The Mattituck-Cutchogue School District is discriminating against immigrants when it asks that new students provide Social Security numbers upon registration, according to a recent report from the New York Civil Liberties Union.
Mattituck-Cutchogue is one of 12 Suffolk County schools listed in the report, which found that 20 percent of New York State schools require documentation for student enrollment that would reveal a parent or child’s immigration status.
Mattituck High School principal Shawn Petretti said that while Social Security numbers are requested on the district’s registration forms, they are not required for student enrollment.
But Jennifer Carnia, NYCLU spokeswoman, said even though the Mattituck-Cutchogue district doesn’t require a Social Security number for enrollment, asking for one could still deter immigrants from sending their children to school.
“If it’s not required, it should not be on the form,” she said.
Udi Ofer, advocacy director for the NYCLU, said there are only two eligibility requirements for student enrollment: age and residency.
Anyone between the ages of 5 and 21 qualifies for free education, he said, and schools may ask for proof of residency to determine if a student lives within a district.
“A Social Security card is irrelevant to the enrollment process,” Mr. Ofer said.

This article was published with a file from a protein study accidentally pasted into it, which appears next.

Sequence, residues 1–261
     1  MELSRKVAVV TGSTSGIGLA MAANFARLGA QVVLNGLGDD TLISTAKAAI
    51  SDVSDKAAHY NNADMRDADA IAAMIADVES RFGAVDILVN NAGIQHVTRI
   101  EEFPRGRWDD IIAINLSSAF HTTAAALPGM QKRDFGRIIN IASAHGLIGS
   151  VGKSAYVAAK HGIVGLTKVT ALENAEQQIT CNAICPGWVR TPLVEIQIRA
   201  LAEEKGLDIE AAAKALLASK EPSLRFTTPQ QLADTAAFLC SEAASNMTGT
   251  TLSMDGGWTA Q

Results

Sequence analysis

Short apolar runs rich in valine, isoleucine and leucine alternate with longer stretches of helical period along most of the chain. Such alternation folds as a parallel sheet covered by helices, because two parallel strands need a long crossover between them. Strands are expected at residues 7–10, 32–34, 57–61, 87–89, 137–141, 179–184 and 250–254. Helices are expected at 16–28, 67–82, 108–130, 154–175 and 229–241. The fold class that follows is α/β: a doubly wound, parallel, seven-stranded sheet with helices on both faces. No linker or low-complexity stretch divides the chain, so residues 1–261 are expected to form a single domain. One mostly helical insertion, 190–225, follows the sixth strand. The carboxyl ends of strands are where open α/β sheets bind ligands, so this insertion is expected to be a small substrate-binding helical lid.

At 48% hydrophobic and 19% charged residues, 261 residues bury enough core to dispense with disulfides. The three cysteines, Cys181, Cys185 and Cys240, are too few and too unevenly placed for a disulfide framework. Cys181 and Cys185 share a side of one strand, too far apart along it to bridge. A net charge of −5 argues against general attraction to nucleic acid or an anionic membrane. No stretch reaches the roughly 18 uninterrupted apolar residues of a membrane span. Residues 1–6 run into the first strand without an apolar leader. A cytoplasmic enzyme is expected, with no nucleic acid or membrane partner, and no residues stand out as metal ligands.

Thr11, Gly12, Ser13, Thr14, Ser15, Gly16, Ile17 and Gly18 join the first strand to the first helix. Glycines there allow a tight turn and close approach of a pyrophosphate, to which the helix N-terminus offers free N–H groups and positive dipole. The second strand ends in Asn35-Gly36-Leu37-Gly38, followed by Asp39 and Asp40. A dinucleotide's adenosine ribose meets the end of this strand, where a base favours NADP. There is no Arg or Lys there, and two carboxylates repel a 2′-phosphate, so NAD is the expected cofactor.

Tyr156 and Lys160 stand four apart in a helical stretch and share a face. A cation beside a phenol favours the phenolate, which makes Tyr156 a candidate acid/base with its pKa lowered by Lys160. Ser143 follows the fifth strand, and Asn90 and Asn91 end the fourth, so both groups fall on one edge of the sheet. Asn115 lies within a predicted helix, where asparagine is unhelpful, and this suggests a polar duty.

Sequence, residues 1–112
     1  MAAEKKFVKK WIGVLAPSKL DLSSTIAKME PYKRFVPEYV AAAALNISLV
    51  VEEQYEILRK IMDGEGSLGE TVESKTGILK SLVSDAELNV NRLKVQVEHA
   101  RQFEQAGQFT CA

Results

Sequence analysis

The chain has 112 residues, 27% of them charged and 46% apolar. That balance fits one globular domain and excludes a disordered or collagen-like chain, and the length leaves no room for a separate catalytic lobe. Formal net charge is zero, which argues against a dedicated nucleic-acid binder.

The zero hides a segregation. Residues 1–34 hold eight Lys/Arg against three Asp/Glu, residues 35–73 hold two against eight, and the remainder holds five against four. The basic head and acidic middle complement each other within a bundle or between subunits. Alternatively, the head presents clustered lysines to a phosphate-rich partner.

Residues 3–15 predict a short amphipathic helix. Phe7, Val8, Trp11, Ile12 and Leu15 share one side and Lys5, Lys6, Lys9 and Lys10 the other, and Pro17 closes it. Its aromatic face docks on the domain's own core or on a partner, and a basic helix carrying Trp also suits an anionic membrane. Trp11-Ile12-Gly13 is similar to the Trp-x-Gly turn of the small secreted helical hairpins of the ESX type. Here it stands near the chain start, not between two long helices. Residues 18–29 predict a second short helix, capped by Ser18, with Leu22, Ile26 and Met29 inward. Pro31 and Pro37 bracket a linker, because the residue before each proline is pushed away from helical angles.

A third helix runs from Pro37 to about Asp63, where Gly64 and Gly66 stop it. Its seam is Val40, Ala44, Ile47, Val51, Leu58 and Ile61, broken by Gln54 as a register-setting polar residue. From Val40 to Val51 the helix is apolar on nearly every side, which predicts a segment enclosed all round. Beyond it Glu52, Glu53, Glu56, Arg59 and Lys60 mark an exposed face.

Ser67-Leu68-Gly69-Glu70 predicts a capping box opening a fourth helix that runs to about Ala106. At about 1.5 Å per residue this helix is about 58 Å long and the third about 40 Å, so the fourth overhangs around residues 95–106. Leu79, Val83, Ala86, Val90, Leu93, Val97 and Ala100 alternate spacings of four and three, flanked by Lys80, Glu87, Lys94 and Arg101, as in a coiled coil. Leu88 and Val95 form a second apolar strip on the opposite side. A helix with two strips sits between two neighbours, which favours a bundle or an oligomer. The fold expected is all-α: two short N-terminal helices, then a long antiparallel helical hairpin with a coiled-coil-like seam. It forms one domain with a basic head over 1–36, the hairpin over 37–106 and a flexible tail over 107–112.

If a school district mandates Social Security cards in order for parents to register their children then that is “clearly unconstitutional,” he said.
The report, which the NYCLU issued earlier this year, was based on a review of student registration packets from 694 state schools. The group found that at least 139 of them ask for proof of a parent or child’s immigration status before a student can register for school.
“Though some of these school districts undoubtedly seek to exclude immigrant children, many of the offending districts are surely unaware that their registration requirements are discriminatory,” said NYCLU executive director Donna Lieberman in a press release.
She said since the NYCLU brought this matter to the attention of the state education department nearly a year ago, it has “turned a blind eye to the situation and refused to provide schools the guidance they need on the law and on the U.S. Constitution.”
Jane Briggs, a spokeswoman for the NYS Department of Education, said in a statement that as schools gather student information some questions might inadvertently prompt immigrants to resist enrolling their children.
“To prevent this from happening, the department will issue new guidance to all school districts clarifying their legal obligations regarding the registration of students, particularly with regard to immigration status,” Ms. Briggs said.